Our playground was on deep black clay, with sparse native grasses. And among the grasses was a big population of trap-door spiders [NOT the poisonous spiders of coastal areas.] They dug cylindrical holes into the dirt, and capped them with neat woven discs of web. Usually this door was lying beside the open hole, while the spider hid below, holding the door with one of her (?) legs. If an insect walked across the silken door, she would dart out of the hole to capture it.

During the long dry months, we discovered that it was fun to pour water down the spider hole. This would force the unfortunate spider up out of her hole, and we laughed as she scuttled away. Usually she had another dry hole nearby.

There were rare times when rain refreshed the grass and trees in our schoolyard. Then sometimes we watched as the yard was turned blue by dozens of small native blue-bells. It was quite easy to remove the circle of blue petals from the flower without tearing it. Then we chose a complete flower on a long stem, and threaded the stem through the circle of another flower, and pushed it up behind the complete flower. So we could make a ‘chain’ of blue bells, sometimes up to 8 cm long. I have no idea how many flowers we destroyed making those chains, but it must have been a lot.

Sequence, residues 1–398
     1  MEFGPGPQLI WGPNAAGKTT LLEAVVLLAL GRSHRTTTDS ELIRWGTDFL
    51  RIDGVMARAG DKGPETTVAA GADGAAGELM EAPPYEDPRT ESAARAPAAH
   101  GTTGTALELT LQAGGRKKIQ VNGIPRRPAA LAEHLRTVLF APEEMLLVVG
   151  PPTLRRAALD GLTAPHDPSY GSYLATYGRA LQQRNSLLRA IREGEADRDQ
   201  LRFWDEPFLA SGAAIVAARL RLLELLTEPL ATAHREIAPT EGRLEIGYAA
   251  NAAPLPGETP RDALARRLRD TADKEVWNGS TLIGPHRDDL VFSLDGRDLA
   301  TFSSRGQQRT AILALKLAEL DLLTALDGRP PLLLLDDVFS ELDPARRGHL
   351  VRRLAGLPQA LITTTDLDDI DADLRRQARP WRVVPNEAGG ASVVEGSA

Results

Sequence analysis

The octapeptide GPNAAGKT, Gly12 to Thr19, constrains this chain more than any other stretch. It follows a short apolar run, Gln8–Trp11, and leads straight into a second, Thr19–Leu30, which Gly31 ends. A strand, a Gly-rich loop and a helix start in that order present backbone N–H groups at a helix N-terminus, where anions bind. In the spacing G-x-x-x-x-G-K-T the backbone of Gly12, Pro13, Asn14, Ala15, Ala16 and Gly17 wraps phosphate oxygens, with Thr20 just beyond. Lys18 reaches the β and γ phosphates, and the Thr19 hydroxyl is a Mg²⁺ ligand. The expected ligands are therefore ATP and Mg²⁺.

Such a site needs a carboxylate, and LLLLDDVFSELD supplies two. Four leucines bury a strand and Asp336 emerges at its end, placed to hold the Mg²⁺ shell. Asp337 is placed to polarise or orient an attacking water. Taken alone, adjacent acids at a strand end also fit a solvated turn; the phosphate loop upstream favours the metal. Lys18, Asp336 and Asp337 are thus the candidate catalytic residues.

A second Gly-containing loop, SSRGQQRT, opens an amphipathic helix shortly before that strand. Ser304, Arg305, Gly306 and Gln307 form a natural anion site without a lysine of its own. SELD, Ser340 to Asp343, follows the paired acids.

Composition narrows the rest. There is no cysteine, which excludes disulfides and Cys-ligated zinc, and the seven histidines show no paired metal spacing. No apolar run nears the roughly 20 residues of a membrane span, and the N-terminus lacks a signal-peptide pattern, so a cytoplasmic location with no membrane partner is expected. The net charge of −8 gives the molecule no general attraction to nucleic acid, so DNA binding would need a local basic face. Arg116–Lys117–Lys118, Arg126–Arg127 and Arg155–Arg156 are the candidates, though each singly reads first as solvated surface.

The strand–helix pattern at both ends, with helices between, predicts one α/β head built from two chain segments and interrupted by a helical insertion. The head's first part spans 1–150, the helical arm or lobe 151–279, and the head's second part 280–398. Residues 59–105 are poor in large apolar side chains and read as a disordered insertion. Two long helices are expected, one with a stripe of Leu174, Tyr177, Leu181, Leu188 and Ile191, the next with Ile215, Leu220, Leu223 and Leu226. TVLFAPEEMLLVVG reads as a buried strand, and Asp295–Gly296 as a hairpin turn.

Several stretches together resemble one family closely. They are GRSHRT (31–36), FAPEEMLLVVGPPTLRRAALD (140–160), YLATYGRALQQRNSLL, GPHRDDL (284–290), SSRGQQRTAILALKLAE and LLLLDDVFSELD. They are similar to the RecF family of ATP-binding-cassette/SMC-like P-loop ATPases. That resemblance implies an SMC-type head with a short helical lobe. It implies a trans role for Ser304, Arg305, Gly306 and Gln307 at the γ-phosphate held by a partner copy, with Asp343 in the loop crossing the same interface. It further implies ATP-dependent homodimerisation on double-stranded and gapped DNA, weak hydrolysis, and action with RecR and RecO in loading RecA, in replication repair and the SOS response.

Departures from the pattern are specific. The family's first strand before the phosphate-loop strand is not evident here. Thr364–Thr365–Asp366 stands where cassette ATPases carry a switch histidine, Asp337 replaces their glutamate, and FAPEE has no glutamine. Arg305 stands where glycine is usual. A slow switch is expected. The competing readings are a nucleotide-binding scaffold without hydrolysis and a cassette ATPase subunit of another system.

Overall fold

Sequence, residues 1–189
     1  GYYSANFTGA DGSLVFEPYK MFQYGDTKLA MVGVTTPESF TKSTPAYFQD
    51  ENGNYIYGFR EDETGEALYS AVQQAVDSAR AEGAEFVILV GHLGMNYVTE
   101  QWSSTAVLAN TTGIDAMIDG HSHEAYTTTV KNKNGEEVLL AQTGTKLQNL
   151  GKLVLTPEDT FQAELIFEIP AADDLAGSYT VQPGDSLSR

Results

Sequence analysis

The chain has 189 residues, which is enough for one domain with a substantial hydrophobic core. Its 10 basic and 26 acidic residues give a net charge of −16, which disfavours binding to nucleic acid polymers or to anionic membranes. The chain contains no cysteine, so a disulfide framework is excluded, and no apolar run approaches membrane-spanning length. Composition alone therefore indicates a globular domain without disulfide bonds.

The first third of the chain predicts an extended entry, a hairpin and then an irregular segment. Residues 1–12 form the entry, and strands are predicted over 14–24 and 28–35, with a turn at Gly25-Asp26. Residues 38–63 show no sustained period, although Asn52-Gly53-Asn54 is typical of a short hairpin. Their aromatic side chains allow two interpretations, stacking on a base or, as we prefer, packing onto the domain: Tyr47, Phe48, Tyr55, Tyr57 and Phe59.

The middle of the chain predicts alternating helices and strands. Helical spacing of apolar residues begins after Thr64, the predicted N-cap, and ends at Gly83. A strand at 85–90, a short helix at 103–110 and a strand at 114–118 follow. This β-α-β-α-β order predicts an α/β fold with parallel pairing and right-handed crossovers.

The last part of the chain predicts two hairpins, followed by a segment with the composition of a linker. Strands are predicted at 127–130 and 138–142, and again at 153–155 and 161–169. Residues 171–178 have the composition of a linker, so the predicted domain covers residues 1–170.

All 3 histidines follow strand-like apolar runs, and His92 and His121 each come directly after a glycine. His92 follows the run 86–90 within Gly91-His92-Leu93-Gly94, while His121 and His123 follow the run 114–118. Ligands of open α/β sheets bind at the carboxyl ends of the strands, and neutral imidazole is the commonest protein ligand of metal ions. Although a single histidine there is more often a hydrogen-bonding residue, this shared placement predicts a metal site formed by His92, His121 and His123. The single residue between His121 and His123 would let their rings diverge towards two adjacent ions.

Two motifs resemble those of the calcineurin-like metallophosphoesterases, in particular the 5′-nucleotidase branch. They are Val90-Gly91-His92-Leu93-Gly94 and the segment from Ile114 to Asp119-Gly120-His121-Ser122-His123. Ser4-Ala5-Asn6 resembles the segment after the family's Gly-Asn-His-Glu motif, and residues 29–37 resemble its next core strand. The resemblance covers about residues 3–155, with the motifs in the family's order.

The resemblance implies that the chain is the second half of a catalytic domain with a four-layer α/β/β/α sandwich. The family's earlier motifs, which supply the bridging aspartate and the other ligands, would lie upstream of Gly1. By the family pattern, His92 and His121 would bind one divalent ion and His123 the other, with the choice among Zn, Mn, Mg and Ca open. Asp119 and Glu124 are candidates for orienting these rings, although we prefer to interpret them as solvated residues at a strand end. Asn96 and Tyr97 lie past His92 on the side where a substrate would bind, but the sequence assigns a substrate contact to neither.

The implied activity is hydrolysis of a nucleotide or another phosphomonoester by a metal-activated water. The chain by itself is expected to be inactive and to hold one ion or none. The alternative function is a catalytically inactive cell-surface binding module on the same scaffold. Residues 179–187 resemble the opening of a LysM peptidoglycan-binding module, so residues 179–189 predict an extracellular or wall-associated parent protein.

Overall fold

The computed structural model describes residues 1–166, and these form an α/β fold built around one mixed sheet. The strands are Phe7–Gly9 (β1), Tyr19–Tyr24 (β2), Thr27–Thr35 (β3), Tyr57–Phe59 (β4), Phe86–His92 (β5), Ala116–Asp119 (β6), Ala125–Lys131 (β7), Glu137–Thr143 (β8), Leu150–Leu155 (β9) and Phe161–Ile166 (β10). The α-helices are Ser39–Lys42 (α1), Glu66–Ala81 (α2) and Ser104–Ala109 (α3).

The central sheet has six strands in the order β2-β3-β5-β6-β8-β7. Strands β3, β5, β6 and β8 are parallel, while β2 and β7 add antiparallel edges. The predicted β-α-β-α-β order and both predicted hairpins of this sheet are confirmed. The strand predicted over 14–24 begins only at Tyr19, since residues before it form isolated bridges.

The bell rang again at 1.30, and we went back to work. Typically in the afternoon, there were English lessons, working with sentences: parsing them to discover verbs, nouns, adjectives, adverbs, pronouns; analysing them to discover phrases, conjunctions; punctuation and so on. Then working with single words, discovering their Latin or Greek roots, and so being able to understand their meaning. Do today’s children study the English language in this way?